Most elite-level athletes have developed some kind of pre-game routine, but why is this type of approach important as it applies to the level of success an athlete experiences? Is there something magical about the music an athlete listens to, the thoughts he or she thinks of, or the specific types of foods an athlete eats just before game time? Similarly, what risks do athletes run when they do not develop a pre-game routine? Sport psychologists are interested in all of these questions, and continually examine not only the merits of having a pre-game routine, but also the consequences for athletes who dismiss the value of a pre-game routine.
Why pre-game routines work
There are a number of theories relating to the efficacy of pre-game routines, particularly with respect to how and why they work. From my own direct clinical experiences with athletes I have found the following as the most likely reasons why pre-game routines can have a positive effect on mental toughness, and as a result on-field success.
- Split thinking. Right now, try and think of two completely different thoughts a the same exact time. While this might seem like an easy thing to do, the reality is that we can only direct and sustain our attention at one focal point at any given moment. What this means is that when an athlete commits to a pre-game routine that involves prompting direct thoughts (i.e. using imagery to see perfect plays being executed), it’s impossible to simultaneously think of other distractions (i.e. thoughts of insecurity around losing, getting injured, etc.).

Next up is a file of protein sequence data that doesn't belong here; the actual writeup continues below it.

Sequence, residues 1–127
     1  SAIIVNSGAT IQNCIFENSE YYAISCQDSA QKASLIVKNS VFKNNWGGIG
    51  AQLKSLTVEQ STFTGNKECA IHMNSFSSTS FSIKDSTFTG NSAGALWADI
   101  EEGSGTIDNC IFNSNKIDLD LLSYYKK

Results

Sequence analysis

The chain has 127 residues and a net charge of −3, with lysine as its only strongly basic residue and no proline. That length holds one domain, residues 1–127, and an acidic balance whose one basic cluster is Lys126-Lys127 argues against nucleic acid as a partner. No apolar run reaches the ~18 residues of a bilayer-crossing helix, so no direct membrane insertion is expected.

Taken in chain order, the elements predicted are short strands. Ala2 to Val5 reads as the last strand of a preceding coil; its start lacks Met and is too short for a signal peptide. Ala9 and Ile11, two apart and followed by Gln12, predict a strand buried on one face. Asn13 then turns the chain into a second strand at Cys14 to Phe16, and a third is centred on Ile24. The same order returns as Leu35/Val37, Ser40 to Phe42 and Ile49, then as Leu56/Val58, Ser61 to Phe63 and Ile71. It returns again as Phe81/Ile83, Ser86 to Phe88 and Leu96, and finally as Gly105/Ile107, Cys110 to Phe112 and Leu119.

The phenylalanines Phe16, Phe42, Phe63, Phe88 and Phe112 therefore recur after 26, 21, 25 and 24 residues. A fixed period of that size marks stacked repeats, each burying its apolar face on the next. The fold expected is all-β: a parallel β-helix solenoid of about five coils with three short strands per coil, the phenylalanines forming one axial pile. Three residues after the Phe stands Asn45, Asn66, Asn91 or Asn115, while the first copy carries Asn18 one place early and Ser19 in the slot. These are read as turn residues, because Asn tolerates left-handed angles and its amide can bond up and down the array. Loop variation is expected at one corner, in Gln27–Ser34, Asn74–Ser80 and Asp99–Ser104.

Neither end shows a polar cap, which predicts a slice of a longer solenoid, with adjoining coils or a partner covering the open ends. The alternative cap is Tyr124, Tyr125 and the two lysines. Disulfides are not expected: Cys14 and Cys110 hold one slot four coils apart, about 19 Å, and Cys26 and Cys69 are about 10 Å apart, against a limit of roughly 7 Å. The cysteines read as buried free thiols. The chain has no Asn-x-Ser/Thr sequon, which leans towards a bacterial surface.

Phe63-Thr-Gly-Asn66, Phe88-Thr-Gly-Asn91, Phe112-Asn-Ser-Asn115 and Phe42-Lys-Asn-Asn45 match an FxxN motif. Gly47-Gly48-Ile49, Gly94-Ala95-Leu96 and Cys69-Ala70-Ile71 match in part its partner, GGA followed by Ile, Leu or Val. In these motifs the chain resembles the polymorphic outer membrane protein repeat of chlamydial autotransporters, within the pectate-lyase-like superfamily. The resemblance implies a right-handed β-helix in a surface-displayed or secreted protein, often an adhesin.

- Minimizes irrational thinking. By simply being proactive with a pre-game routine it minimizes “dead space” where athletes can sometimes worry themselves into anxiety, choking, and even long-term slumps. Similar to the last point, following a script or routine guards against mind wandering, irrational thinking, and even physiological consequences like vomiting from nerves.
- Placebo effect. Who knows, at the end of the day it’s quite possible that the greatest benefit of having a pre-game routine is that it provides a placebo effect to the user. What this means is that it is the belief about the routine, and not the routine itself, that actually provides a benefit.
How to get started
I find that a big challenging point for athletes when developing a pre-game routine is that they falsely think they need to find a perfect pre-game routine to follow. Interestingly, when developing a pre-game routine the most important part of the process is to do things that make you feel good — and that means that different people will do different things. For example, one athlete might find that listening to specific music helps him stay centered, another athlete might discover that she enjoys reading her journal and revisiting sport goals, and a third athlete might learn that completing a relaxation exercise helps build the confidence he needs to be successful. The key, therefore, is experimenting with different ideas until things feel right, and then replicating those behaviors regularly so that they become a normal part of your mental preparation.
Pre-game routines are very important and can ward off insecurities, anxiety, and irrational thinking. Try starting small and simple by just taking a few moments to deep breathe and direct thoughts to good places – you might be surprised by what just those two things can provide. Keep track of your progress and tweak when necessary, always being open to incorporating ideas that help you improve for the future.